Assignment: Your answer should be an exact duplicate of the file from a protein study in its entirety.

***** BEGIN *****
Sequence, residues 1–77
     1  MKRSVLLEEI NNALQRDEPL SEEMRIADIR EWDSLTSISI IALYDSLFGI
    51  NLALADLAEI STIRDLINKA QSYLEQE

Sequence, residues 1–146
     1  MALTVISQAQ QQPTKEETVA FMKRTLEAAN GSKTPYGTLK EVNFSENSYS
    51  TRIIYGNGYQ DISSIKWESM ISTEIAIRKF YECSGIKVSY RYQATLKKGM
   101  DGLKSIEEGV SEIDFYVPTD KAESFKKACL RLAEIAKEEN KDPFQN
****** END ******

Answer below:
Sequence, residues 1–77
     1  MKRSVLLEEI NNALQRDEPL SEEMRIADIR EWDSLTSISI IALYDSLFGI
    51  NLALADLAEI STIRDLINKA QSYLEQE

Sequence, residues 1–146
     1  MALTVISQAQ QQPTKEETVA FMKRTLEAAN GSKTPYGTLK EVNFSENSYS
    51  TRIIYGNGYQ DISSIKWESM ISTEIAIRKF YECSGIKVSY RYQATLKKGM
   101  DGLKSIEEGV SEIDFYVPTD KAESFKKACL RLAEIAKEEN KDPFQN